Meet the Parents: Casting the Comedy

When casting the three parents in Blockers, Cannon and her producers sought actors who not only had the comedic chops to improv, but could add depth to the film through their performances. First, filmmakers turned to Leslie Mann to play Lisa, the emotional core of the film and friend group...and a mom who is trying to be cool while still parental. "Leslie has built an incredible body of supporting work over the 20 years, and this was the perfect vehicle to let her shine," says Weaver.

In a case of life imitating art, Mann was offered the role of the soon-to-be empty nester at the same time her own child was headed off to college. "I actually got the call to do the movie while I was dropping my eldest daughter off at school, so it was something that I felt really connected to," recalls Mann.

For Cannon, the timing could not have been more ideal. "Lisa and her relationship with Julie are the heart and soul of film," she explains. "Leslie had just lived through saying goodbye to daughter; it was very fresh and real for her."

The scenes with Kathryn Newton, her on-screen daughter, eased the real-life separation for Mann. "Thank God for Kathryn during that time," she relays. "She's the exact same age as my daughter, so being around her made it a little easier because she's so sweet and I got to hug her."

Although Lisa and Julie have a strong mother-daughter relationship, Lisa struggles with the idea of letting go. Her desire to keep things status quo goes to extremes when she thinks her daughter might get hurt.

The actress was thrilled to work alongside Cannon, who kept the set light and loose to inspire the actors to go off script. "Kay comes from improv, so she'd throw out ideas or change up the lines," Mann recalls. "It was a really fun experience."

For Cannon, the admiration was mutual. "Leslie is such a comedic talent," she says. "You can give her a B or B+ joke, and she easily turns it into an A with her natural delivery."

Working alongside co-stars Barinholtz and Cena made for more laughs on and off camera. "It was nonstop fun with both of them," Mann says. She dryly adds: "Plus, John gave me some pointers on how to do deadlifts."

To play divorced dad Hunter, producers tapped veteran comedic actor and screenwriter Ike Barinholtz (Neighbors, Sisters), who'd been eyeing the script for some time. "The story felt cool, relatable and incredibly funny, but it's also about something," he says. "I thought it was such a smart idea to make the lead a woman, and once I heard Kay was directing, I couldn't wait to get on board."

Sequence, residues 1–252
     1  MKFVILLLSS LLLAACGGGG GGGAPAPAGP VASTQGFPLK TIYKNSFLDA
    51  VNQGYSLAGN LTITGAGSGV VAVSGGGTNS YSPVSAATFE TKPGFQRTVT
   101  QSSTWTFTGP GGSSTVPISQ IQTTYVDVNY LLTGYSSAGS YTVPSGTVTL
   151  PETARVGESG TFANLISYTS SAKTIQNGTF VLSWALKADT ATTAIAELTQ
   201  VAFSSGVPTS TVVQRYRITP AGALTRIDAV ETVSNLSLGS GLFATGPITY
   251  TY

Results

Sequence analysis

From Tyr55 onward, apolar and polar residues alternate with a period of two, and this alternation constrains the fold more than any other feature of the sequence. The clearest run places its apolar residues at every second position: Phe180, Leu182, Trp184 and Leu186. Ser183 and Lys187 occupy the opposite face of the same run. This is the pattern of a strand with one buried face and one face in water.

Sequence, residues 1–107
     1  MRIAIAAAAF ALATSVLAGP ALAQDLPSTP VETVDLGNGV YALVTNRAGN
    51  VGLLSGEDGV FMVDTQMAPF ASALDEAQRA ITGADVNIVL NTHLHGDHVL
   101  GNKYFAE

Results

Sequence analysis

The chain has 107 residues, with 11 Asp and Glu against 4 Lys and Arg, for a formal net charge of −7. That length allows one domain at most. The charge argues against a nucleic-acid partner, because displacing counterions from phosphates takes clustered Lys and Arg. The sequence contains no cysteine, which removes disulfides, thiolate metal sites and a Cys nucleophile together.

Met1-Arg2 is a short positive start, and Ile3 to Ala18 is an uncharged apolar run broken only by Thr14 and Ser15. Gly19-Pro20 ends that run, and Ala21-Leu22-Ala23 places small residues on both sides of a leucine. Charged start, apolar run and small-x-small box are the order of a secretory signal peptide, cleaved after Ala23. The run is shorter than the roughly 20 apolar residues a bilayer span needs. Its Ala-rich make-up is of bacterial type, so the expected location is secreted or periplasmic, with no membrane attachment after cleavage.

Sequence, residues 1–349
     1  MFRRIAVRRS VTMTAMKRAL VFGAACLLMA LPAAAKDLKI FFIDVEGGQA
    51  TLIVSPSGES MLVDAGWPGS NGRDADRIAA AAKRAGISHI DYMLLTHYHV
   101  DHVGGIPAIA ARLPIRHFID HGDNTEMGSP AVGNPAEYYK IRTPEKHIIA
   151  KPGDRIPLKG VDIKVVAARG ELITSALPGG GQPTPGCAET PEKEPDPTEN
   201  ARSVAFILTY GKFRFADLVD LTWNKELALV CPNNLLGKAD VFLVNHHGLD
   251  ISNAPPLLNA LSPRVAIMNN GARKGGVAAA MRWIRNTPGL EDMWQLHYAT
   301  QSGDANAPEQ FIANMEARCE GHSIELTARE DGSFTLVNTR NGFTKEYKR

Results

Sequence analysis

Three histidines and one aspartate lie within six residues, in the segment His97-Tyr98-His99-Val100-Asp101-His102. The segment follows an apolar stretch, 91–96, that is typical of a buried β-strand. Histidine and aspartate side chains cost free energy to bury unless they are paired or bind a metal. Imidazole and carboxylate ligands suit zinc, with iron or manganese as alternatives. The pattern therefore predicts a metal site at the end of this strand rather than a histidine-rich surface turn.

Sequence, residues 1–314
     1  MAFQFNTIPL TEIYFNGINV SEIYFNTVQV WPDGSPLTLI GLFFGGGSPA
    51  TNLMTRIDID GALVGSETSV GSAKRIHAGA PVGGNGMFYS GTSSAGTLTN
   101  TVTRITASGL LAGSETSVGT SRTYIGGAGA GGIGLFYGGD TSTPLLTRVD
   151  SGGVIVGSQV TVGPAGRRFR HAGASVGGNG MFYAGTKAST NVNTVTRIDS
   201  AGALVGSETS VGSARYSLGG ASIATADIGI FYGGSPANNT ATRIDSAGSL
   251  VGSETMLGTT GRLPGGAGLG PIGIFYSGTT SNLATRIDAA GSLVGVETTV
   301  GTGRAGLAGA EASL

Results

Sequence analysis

Cannon felt the role was tailor-made for Barinholtz. "Hunter is this hilarious character, but there's also this deeper emotional element to him," she reflects. "The role fit Ike like a glove."

Both veterans of the comedy circuit, Barinholtz and Cannon have been friends for decades. "Bill Clinton was president when I met her," Barinholtz laughs. "We've performed together in multiple countries. I completely trust Kay, and I appreciate that she has the faith to let me run wild."

As for his character, Barinholtz sees Hunter as lonely man in the midst of a mid-life crisis. "He's made a lot of mistakes and he's trying to right the ship, especially with his daughter, Sam," he explains. "He got scared after his divorce, and when he saw this great stepdad come into the picture, Hunter withdrew even more. Suddenly, he found himself totally boxed out of his daughter's life."

Hunter believes by giving Sam this amazing prom night, complete with a booze-loaded limo, he can start to repair the fractured relationship. "That's why he initially tries to stop Lisa and Mitchell from ruining their prom plans," he explains. "At first, he's the voice of reason, but a very stupid voice of reason. After he thinks Sam joined the pact because of peer pressure, he goes all in."

When it came time to cast straight-laced, overprotective Mitchell, the team sought out WWE entertainer John Cena, who demonstrated his scene-stealing comic chops in Trainwreck and Sisters, alongside Barinholtz.

"I was watching the ESPYS and John was hosting," recalls Cannon. "He has this natural comedic persona, and I knew he should be Mitchell."

Cena was eager to take on a larger comedic role. "I'm still new to all this, so I have tremendous faith in Kay and the cast," the actor says. "Leslie's ability to be vulnerable and stir up so much emotion is incredible, and Ike is a non-stop joke machine."

Though not a parent himself, Cena had no problem delving into dad mode. He shares: "I was drawn to this character because I see Mitchell as more of a coach, and I've had so many amazing coaches in my life. I feel like Mitchell has a playbook on dad-isms, 'This is when I give my daughter the pep talk, then...touchdown!'"

Cannon appreciated that Cena was game for anything. "He'd call me Coach on set. Anything I asked him to do, he would say, 'You got it, Coach,'" she says.

In addition to the movie's many funny moments, Cena appreciated the comedy's emotional pull. "All the gags and the physical humor are tied to pivotal moments in the story and move the characters forward," he explains. "The kids go on a journey, and so do the adults. My character needs to go on this hilarious ride as testament to his commitment to his daughter and so he can learn to be a better father."

The stunts were also fun for Cena to shoot. While on a mad dash for his daughter, some of the teens charge him in the hotel. "I literally Hulk out on all these guys, and they go flying. Throwing human bodies around is a specialty of mine," he says with a smile.